Bruins

Nash wants to be the "big power forward" that the Bruins are looking for

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Nash wants to be the "big power forward" that the Bruins are looking for

BUFFALO – Rick Nash has been a longtime good buddy of Jumbo Joe Thornton, so it shouldn’t be a surprise that was one of the first texts that the new Bruins power forward received this morning upon learning he’d been traded to Boston.

“He’d always said it was a great place to play,” said Nash. “I actually got a text from him this morning, so that’s pretty cool.”

The 33-year-old Nash will learn firsthand what it’s like to play for the Boston Bruins after getting dealt to the Black and Gold on Sunday morning from the Rangers in exchange for a bundle of assets amounting to a 2018 first round pick, NCAA defenseman prospect Ryan Lindgren, Ryan Spooner, Matt Beleskey and a 2019 seventh round pick. Nash is in the lineup for the Bruins against the Buffalo Sabres on Sunday afternoon at the First Niagara Center, and he’ll be playing exactly where the Bruins envisioned on David Krejci’s right wing.

The deal will give the Bruins the size, heaviness and power that they’ve been looking to add on their wing this season, and gives Krejci the exact kind of player that he’s had success with in the past a la Milan Lucic, Nathan Horton and Jarome Iginla.

“The team has had such a great year that you don’t want to come in here and ruffle any feathers. You just want to fit in and help out wherever you can,” said Nash. “It was a strange last few weeks in New York, but I’ve moved on and I’m excited for this opportunity. I’m really excited to be here. I wanted to go to a place that wanted me, and that had a great chance to win. I think Boston fits both of those perfectly.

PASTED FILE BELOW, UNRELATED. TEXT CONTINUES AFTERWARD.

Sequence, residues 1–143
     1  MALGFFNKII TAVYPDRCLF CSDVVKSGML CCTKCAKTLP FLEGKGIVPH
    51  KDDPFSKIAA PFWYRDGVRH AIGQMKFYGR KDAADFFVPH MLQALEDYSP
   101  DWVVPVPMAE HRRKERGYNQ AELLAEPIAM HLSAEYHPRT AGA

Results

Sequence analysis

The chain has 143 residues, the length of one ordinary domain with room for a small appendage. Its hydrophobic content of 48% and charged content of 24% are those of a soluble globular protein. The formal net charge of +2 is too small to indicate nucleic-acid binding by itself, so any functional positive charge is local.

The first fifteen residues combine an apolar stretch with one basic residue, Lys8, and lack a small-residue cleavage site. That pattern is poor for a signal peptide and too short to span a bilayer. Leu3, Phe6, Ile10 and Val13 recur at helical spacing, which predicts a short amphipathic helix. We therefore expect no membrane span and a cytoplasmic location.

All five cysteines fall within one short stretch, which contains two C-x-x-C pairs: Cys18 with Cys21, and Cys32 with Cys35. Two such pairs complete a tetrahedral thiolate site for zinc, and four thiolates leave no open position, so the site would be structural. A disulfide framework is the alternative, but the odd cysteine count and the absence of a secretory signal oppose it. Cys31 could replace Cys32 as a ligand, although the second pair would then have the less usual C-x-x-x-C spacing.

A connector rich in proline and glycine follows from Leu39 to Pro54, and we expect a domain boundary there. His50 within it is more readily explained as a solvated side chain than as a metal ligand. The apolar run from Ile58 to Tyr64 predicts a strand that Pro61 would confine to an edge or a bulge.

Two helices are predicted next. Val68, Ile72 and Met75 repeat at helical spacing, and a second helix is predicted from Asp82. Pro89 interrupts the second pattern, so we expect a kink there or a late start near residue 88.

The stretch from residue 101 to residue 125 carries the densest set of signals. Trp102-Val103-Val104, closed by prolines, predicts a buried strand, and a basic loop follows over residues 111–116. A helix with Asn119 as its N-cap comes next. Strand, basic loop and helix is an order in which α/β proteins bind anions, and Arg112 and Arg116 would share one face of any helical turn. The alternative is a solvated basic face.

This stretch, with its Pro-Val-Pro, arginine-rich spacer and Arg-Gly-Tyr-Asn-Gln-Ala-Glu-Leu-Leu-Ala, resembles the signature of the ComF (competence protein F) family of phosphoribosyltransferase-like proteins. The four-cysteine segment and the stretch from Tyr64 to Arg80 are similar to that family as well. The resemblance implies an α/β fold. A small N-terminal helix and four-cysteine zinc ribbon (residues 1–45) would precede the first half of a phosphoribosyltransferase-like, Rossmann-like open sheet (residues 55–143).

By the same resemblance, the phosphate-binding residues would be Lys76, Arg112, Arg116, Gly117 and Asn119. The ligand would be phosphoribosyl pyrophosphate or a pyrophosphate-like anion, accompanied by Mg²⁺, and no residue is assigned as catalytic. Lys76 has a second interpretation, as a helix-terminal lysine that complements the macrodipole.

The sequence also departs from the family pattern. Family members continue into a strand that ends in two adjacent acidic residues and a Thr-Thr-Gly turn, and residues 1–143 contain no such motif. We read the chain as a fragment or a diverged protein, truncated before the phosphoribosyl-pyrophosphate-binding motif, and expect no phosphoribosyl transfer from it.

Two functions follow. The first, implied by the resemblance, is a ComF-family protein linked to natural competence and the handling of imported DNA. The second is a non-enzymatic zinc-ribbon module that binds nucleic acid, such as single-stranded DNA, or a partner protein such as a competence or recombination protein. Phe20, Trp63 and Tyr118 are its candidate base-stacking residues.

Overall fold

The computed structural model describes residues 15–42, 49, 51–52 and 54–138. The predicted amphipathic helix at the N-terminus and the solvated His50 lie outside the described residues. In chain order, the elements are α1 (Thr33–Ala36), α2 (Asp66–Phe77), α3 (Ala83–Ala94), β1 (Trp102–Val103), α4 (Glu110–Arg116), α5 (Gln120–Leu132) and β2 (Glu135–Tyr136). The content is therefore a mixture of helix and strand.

“I just want to bring my style of hockey, and be a big power forward that can hopefully bring some offense, be responsible defensively and be a complete player. It’ll be fun to see what happens. They’re such a good team and they have so many good players that you just want to see where you fit in.

The hope for the Bruins, obviously, is that the chance at a Stanley Cup can light a fire under the 33-year-old Nash, who has posted 18 goals and 28 points in 60 games for the Rangers this season after failing to crack 40 points in each of the last two seasons. Clearly the big-bodied Nash is on the back nine of an All-Star NHL career, but the Bruins see a 6-foot-4, 215-pound dynamic winger that can still score, hit and play the power game around the net that’s needed when things get nasty in the postseason.

“He’s very dynamic. He’s hard to stop and contain one-on-one. He’s got good speed and can protect the puck well, and get so the net with good hands around the net,” said Bruce Cassidy. “It’s all those things are far as attacking the scoring area. He’s a good penalty killer and responsible defensive player. He’s a good fit and he’s going to right in with [David] Krejci on the right wing with Jake DeBrusk on the left.

“We’re not huge in that area. In our top-9 it will give us a different look and I think it will help us a lot. No disrespect to Ryan Spooner, who went into it with a different skill set. We didn’t expect him to grow five inches earlier this year, so this certainly helps us in those closer, harder games. We’ll see where it leads us.”

In his last three playoff runs with the Rangers, Nash has 10 goals and 23 points in 39 games, which is much better playoff production than the impact winger had earlier in his NHL career. And that is what the Bruins spent all of those assets for on Sunday morning with a chance for Nash to bring something to the B’s as they have big plans for this spring.  

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With two-year deal in place, Grzelcyk ready to work on 'weaknesses'